I completely understand- I don't want to get back into teaching either. I have spent months looking for other kinds of jobs which will utilise my 'transferable skills', and though at times it looks like no one wants me without specific extra qualifications in library studies or archival studies, or years of experience in higher education or marketing or fundraising, I know there *must* be something!
    The trick to staying positive is to think or make a list of all the positive and encouraging things people have said about you in the past- you know you have skills and talents! And like others here have said- imagine the places you would love to work and try those - you never know!
    I have had to apply to call centres, but that doesn't bother me- I am reading lots and have time for new hobbies or even watching lots of travel documentaries- you realise there is a life outside teaching and the rat race too.
    It is amazing how good a rest feels, and when you have the time to rediscover interests and passions you will definitely feel the benefit!
    Shedman likes this.
  9. BTBAM85

    BTBAM85 New commenter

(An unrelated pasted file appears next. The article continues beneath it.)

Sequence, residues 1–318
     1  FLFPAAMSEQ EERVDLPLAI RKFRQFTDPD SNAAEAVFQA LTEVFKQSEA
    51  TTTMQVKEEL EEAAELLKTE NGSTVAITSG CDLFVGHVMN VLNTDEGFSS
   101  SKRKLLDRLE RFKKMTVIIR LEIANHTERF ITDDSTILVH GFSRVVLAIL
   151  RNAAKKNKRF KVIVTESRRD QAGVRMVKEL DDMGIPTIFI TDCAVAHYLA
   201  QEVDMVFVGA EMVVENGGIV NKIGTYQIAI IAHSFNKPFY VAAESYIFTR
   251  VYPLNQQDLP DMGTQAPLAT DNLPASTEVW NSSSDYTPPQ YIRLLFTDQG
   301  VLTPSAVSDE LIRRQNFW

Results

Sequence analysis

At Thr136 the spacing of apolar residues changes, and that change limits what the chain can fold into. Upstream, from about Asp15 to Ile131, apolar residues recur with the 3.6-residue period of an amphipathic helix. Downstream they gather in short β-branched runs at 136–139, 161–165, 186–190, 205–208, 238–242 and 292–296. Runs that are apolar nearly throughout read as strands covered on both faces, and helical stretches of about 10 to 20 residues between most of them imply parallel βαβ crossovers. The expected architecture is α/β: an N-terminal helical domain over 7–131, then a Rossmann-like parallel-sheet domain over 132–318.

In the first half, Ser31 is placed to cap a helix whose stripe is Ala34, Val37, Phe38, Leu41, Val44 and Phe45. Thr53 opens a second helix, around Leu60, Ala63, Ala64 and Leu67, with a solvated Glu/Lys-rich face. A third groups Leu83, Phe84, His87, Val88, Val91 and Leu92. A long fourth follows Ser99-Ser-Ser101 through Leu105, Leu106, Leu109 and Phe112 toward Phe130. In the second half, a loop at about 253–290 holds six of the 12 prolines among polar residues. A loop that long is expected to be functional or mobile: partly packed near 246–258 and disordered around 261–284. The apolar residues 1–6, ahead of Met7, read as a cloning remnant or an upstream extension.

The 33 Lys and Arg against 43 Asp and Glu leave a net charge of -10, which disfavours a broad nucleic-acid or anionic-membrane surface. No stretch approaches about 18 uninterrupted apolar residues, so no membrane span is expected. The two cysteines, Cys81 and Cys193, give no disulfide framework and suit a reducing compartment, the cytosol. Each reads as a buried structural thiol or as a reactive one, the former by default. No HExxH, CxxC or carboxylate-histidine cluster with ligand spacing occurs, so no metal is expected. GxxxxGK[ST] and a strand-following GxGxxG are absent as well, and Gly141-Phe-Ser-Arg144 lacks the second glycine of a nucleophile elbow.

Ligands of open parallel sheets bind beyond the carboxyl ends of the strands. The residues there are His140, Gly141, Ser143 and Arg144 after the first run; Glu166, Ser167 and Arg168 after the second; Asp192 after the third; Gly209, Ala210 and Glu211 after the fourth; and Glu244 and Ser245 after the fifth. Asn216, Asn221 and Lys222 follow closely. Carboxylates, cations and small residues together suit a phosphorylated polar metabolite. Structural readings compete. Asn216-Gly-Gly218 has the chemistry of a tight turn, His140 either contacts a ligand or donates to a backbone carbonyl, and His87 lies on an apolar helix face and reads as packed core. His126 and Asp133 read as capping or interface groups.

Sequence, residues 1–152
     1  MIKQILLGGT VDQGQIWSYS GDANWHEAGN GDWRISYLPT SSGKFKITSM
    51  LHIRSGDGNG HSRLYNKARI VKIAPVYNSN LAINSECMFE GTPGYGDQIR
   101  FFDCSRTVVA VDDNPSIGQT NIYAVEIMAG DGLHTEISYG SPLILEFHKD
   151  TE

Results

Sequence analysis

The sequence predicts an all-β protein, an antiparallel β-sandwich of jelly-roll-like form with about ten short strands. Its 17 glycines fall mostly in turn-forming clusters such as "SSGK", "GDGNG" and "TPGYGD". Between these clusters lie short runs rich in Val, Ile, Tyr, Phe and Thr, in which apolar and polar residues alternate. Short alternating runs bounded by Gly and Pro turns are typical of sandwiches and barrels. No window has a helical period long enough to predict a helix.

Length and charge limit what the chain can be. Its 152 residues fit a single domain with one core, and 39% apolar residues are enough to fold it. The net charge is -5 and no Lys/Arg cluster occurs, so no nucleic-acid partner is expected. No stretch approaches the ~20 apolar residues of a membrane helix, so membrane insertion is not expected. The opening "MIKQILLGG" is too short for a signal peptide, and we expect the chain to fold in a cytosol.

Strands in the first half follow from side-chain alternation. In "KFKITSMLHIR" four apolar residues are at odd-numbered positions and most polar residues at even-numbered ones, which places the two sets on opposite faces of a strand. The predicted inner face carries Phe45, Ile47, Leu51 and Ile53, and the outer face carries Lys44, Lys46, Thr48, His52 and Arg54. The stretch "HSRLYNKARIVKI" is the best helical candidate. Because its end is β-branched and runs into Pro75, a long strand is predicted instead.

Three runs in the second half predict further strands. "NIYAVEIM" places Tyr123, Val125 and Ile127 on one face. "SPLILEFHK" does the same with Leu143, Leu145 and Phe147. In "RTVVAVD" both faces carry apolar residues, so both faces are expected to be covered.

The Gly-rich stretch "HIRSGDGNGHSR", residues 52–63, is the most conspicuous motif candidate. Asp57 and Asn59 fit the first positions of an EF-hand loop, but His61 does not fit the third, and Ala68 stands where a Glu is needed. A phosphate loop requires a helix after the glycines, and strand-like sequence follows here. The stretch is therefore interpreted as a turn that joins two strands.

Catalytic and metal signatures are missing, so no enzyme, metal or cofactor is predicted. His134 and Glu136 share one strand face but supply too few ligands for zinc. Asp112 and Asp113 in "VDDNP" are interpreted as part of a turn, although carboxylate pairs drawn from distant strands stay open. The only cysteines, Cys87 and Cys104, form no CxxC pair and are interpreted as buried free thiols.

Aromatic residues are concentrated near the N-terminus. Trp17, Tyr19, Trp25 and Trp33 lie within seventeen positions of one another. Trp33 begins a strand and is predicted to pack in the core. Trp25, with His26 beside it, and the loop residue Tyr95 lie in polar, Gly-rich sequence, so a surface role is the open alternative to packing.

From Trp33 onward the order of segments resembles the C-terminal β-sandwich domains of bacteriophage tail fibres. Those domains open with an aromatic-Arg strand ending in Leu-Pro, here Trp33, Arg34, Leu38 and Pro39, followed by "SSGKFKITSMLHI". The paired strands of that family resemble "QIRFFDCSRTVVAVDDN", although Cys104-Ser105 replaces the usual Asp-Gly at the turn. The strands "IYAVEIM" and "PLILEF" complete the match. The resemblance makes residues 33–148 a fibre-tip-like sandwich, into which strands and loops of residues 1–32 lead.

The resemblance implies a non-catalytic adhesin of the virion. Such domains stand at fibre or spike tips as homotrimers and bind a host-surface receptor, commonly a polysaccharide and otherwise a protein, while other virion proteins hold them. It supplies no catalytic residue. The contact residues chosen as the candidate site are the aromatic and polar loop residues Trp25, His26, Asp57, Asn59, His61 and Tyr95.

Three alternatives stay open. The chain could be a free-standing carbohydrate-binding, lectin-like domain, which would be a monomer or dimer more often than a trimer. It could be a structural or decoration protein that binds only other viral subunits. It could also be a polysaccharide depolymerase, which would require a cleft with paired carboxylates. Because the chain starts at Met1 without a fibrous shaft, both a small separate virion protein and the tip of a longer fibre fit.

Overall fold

I agree, but the outside world doesn't see it like that!

    'Teacher huh? Yeah loads of jobs for you! 18k, answer that phone, 8.30 - 5.30 Monday to Friday you get three days off a year, what do you mean that isn't great?'
  10. Shedman

    Shedman Star commenter

    If you work out your hourly rate for teaching it probably isn't much more and may well be less than you get for the call centre job plus when you go home the time is yours, you don't get abused by obnoxious students, there's no marking and you've not got to sit through all the ar *e-achingly tedious meetings. If you got an evening or weekend part time job in addition or did some tutoring you could be quids in.
    agathamorse and (deleted member) like this.
  11. bertiesresources

    bertiesresources New commenter